• Still stumped? Search for your financial institution on the ABA routing number website. You can type your bank's name and location, and it will kick back the routing number for your branch.
Источник: https://money.howstuffworks.com/personal-finance/banking/banks-routing-number.htm

What Is a Bank Routing Number (BRN)?

Whether you wish to send or receive a bank payment, you may be asked for a series of numbers depending on the region. Global banking is seemingly filled with acronyms, from IBAN to SWIFT and BIC. But west valley high school home page is a bank routing number, or BRN, and how does it compare to these other terms? We’ll define these acronyms below.

Bank routing numbers explained

A bank routing number (BRN) is a nine-digit number used by American banks as an identification code. Also called a routing transit number (RTN), the BRN tells the bank where your currency needs to go when it’s transferred from one account to the next. You’ll need a BRN anytime you complete a transaction involving an American bank account, whether it’s accepting payment from an American customer or sending payment to a US-based supplier. It helps networks like the Federal Reserve and Automated Clearing House process electronic transfers, direct deposits, and other payments by ensuring the funds go to the right bank.

Those with a US bank account can find the BRN listed on the bottom left side of any paper cheque, next to the account number. It’s also listed in your online banking details. Unlike account numbers, bofa com mortgage routing numbers aren’t issued individually, nor are they confidential. They merely correspond to the bank, so you can also access them by phoning up the bank branch or with a quick Google search online.

Here’s what the nine digits mean:

  • First four characters show the Federal Reserve routing number

  • Next four characters show the financial institution identifying number

  • Final character is the cheque digit

What are SWIFT and BIC codes?

SWIFT or BIC codes are used for international money transfers, specifying the bank and country involved. SWIFT codes are universally used across the world, in comparison to IBANs and BRNs which are more location specific. SWIFT stands for Society for Worldwide Interbank Financial Telecommunication, while BIC stands for Business Identifier Codes. Your SWIFT/BIC code will be either eight or eleven characters:

  • First four characters show the bank code

  • Next two characters show the country code

  • Next two characters show the location code

  • Final three characters show the branch code

What is an IBAN?

An IBAN stands for International Bank Account Number. It’s more specific with up to 34 characters, identifying the specific bank account that financial institutions should deposit the money into. It’s primarily used in Europe, the Caribbean, North Africa, and the Middle Eastern regions of the world alongside the SWIFT or BIC code. You can use IBAN to process international payments quickly and automatically, provided your transfer takes place between countries using the IBAN system.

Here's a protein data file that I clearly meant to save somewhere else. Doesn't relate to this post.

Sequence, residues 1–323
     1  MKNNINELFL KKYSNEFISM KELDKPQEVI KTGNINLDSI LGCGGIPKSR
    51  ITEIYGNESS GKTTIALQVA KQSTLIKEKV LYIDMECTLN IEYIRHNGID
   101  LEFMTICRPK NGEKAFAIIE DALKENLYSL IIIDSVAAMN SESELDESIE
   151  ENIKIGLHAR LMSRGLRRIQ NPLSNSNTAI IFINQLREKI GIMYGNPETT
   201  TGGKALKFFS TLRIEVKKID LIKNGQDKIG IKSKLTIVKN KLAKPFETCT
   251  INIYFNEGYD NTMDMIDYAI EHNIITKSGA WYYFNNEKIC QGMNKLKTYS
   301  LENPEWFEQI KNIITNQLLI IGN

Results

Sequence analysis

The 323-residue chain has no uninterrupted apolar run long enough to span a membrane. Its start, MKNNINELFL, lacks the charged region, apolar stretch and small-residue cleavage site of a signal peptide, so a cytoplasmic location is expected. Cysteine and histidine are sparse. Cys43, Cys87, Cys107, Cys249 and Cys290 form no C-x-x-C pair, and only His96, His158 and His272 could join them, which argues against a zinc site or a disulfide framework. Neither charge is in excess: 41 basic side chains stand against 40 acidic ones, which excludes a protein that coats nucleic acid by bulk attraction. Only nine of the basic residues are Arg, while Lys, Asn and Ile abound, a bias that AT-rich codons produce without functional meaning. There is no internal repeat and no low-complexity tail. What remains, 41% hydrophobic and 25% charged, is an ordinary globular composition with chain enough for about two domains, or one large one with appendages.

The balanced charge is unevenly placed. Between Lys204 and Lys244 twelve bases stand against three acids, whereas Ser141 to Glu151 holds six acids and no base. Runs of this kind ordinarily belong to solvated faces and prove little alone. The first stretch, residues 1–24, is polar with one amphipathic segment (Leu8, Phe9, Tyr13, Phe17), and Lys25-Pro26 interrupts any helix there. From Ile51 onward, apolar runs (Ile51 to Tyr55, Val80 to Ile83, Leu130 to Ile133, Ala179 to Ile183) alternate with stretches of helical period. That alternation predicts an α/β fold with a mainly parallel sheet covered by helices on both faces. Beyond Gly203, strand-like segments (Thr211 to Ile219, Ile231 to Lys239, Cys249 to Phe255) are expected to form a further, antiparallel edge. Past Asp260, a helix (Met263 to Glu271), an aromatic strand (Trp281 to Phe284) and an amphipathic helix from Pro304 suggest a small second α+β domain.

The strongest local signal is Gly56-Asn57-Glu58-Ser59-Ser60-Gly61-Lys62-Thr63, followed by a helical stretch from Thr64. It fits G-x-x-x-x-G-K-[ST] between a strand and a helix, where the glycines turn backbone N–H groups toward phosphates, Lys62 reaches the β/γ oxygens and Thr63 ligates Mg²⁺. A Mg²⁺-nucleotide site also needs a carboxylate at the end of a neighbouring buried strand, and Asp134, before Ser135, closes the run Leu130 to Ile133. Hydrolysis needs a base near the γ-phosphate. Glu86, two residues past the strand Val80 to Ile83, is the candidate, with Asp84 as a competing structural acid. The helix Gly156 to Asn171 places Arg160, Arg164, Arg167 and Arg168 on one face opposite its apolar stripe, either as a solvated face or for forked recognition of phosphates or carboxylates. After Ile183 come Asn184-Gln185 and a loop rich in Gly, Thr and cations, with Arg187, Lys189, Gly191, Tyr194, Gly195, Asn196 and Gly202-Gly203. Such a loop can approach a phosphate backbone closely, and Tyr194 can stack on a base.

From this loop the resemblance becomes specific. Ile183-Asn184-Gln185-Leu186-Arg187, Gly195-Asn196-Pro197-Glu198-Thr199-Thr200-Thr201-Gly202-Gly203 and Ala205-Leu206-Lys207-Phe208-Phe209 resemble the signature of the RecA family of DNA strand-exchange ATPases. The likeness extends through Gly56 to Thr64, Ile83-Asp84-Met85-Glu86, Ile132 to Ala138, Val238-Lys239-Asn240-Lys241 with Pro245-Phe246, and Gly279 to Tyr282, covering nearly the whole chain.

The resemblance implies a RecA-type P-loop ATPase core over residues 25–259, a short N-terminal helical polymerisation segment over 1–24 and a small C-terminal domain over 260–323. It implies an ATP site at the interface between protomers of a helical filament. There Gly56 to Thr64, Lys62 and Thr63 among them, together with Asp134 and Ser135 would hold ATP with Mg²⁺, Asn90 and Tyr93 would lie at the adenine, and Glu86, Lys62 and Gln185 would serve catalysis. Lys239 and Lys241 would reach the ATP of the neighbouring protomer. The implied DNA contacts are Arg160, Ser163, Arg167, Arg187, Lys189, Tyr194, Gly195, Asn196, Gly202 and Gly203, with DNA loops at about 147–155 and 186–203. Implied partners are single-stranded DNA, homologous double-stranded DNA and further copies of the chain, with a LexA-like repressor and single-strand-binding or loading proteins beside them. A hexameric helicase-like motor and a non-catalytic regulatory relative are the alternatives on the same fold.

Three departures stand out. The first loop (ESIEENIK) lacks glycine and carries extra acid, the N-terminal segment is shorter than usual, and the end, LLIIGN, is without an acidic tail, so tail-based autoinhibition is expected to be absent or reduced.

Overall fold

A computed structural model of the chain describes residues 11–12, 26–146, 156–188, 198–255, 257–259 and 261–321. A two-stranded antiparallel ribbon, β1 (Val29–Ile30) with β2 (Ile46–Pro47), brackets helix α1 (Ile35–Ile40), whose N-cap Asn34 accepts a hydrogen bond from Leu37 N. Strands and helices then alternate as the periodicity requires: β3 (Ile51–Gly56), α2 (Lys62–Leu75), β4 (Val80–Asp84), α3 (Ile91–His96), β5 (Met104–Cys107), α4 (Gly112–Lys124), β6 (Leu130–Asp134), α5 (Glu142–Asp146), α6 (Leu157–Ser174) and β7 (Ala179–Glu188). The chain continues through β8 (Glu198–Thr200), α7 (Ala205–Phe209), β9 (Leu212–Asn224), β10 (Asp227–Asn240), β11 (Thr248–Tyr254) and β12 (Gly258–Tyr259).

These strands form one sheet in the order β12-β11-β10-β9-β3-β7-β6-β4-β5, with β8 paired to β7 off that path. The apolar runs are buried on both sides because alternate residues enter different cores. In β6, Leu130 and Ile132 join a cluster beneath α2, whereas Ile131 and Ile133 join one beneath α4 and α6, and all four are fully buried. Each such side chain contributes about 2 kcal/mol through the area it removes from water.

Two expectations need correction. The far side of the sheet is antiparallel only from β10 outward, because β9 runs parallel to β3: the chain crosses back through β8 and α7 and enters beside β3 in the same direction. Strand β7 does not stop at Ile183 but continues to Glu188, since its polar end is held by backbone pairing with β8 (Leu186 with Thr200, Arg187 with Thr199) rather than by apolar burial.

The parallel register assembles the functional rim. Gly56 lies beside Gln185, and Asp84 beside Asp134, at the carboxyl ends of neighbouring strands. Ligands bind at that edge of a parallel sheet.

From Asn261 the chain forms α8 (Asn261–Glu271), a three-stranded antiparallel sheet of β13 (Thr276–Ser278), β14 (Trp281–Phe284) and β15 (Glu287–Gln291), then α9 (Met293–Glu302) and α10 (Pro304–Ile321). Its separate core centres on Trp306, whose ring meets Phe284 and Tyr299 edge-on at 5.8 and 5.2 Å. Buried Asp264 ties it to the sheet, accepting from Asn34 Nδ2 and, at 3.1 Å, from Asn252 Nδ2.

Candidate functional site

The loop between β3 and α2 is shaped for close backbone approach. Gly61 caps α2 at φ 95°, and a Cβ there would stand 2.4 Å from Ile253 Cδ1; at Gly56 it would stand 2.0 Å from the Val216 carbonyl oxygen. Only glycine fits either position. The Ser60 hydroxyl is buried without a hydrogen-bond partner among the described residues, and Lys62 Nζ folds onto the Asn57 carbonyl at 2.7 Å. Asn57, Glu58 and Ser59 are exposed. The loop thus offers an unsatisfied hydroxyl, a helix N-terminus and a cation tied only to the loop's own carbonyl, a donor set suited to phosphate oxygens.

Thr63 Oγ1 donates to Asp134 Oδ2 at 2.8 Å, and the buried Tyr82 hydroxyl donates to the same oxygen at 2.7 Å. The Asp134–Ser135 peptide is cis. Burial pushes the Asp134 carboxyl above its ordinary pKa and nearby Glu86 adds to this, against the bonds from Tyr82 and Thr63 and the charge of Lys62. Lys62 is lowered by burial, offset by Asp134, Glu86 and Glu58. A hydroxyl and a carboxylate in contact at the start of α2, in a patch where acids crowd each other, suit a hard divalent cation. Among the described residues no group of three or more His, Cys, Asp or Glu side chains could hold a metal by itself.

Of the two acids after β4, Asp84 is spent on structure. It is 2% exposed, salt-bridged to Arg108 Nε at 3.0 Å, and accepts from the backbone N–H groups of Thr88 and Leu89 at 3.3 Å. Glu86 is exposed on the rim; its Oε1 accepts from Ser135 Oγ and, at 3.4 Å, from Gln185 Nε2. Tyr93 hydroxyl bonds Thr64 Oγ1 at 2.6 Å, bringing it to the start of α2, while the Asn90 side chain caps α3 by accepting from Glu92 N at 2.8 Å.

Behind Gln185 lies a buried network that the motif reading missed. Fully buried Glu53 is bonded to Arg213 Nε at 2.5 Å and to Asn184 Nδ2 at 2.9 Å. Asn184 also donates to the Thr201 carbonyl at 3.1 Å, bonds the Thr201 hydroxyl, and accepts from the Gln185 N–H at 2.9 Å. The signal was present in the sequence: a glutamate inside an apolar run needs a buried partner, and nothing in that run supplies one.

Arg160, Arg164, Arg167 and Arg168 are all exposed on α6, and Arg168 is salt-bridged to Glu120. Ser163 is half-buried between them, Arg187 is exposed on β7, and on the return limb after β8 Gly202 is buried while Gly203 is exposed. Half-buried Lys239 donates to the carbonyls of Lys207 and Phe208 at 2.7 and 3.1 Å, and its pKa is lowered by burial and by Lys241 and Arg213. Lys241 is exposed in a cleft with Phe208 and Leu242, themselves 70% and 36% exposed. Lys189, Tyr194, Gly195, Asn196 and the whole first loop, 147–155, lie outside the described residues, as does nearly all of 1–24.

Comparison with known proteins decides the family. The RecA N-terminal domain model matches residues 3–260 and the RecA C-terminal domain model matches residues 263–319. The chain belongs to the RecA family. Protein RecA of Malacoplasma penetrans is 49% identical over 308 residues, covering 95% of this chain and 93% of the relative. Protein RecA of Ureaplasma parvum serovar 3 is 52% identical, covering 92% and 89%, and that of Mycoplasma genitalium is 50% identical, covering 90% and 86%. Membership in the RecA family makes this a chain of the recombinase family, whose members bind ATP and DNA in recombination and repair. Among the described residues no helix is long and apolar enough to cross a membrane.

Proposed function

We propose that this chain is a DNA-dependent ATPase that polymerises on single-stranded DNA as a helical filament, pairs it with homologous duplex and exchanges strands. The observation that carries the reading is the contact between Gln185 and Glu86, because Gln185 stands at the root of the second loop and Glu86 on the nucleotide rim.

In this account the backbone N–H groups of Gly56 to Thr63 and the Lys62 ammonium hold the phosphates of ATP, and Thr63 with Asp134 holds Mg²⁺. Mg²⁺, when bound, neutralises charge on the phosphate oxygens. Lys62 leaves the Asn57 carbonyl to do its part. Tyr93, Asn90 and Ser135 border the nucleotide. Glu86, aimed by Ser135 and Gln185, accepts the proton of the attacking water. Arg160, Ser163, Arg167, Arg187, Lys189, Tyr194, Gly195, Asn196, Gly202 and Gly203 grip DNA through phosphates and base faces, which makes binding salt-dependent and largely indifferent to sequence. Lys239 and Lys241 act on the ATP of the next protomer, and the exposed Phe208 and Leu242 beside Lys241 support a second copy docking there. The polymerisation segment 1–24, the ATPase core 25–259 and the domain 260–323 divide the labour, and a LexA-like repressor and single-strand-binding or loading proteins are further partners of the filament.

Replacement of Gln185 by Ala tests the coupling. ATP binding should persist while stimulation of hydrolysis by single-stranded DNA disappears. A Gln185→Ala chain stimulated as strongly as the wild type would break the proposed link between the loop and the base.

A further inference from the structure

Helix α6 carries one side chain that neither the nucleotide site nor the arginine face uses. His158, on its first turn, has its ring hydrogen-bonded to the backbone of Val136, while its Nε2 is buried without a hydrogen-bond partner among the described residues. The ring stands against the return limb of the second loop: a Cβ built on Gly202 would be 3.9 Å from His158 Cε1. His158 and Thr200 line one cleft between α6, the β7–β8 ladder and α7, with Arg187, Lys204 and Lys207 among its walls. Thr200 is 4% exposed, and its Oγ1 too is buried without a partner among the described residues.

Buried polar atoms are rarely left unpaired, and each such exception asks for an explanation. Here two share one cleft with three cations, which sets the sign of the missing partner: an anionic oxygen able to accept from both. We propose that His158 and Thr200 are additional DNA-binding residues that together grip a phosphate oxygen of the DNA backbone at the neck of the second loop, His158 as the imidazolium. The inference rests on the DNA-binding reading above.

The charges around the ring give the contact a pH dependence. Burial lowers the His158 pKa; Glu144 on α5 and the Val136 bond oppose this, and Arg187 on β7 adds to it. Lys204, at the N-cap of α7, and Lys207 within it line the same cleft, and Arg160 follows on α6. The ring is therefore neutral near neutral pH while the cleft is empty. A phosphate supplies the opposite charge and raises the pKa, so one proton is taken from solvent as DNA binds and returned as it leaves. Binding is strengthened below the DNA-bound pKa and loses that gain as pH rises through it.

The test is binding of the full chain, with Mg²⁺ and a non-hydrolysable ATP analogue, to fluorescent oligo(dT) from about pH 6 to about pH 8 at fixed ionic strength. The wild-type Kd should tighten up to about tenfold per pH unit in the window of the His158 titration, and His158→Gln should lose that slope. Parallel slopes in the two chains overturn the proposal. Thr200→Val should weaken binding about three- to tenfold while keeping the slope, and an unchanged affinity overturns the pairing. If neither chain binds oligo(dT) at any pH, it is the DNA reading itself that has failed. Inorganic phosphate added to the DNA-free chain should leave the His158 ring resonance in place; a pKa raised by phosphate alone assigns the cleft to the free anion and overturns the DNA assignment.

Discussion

Here’s how an IBAN breaks down:

  • First two characters are a country code

  • Next two characters provide cheque digits

  • Remainder of characters show the bank account number

Bank routing number UK vs US bank routing number

We’ve mentioned how a US bank routing number works above, but what about a bank routing number UK? You only need a BRN when you’re sending or receiving payments involving a US bank account. For international transfers, you’ll also need the appropriate SWIFT or IBAN code.

The equivalent of a bank routing number within the UK is a sort code. This is used by British banks for domestic transfers, consisting of six digits used to identify the account’s specific bank and branch. You’ll need to provide both your account number andsort code for direct debit payments or other domestic transfers.

All bank transfers, domestic and international, require the right codes for processing. By learning how to recognise these various bank acronyms, you’ll have all the information needed to send and receive money into the correct account.

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Источник: https://gocardless.com/guides/posts/what-is-a-bank-routing-number-brn/
Hampstead, NH 03841

Derry
35 Manchester Rd. Derry, NH 03038

Londonderry
62 Nashua Rd Londonderry NH 03053

Salem NH
155 North Broadway, Salem, NH 03079)011400071New Jersey/Delaware031201360New York – Metro NYC or former Commerce customers 026013673New York – Upstate NY or former Banknorth customers021302567North Carolina/South Carolina053902197Pennsylvania036001808Vermont011600033 You can also find the routing / ABA (transit) number at the bottom left side of your check.
Источник: https://www.tdbank.com/popup/samplecheck.html

TD Bank Routing/ABA numbers

Sample check

The TD Bank routing/ABA numbers are listed below.

These numbers are sometimes called transit numbers.
Connecticut011103093
Florida067014822
Maine211274450
Massachusetts/Rhode Island211370545
Metro DC/Maryland/Virginia054001725
New Hampshire

Please use the following routing number you bank at how to find your bank account routing number of the following branch locations: 211370545

Seabrook
270 Lafayette Road, Seabrook, NH 03874

Plaistow
47 Plaistow Road, Route 125, Plaistow, NH 03865

Kingston
53 Church St, Kingston, NH 03848

Hampstead
220 Main Street

Here’s Your Union Bank Routing Number

Banking / Banks

San Carlos, CA - Aug.

jejim / Shutterstock.com